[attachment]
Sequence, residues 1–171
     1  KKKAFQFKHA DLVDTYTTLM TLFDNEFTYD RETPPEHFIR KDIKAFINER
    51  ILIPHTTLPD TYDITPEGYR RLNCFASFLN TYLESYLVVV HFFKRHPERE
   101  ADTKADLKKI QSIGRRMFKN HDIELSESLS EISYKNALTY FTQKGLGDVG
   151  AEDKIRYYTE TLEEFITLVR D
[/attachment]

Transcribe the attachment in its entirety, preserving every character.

Sequence, residues 1–171
     1  KKKAFQFKHA DLVDTYTTLM TLFDNEFTYD RETPPEHFIR KDIKAFINER
    51  ILIPHTTLPD TYDITPEGYR RLNCFASFLN TYLESYLVVV HFFKRHPERE
   101  ADTKADLKKI QSIGRRMFKN HDIELSESLS EISYKNALTY FTQKGLGDVG
   151  AEDKIRYYTE TLEEFITLVR D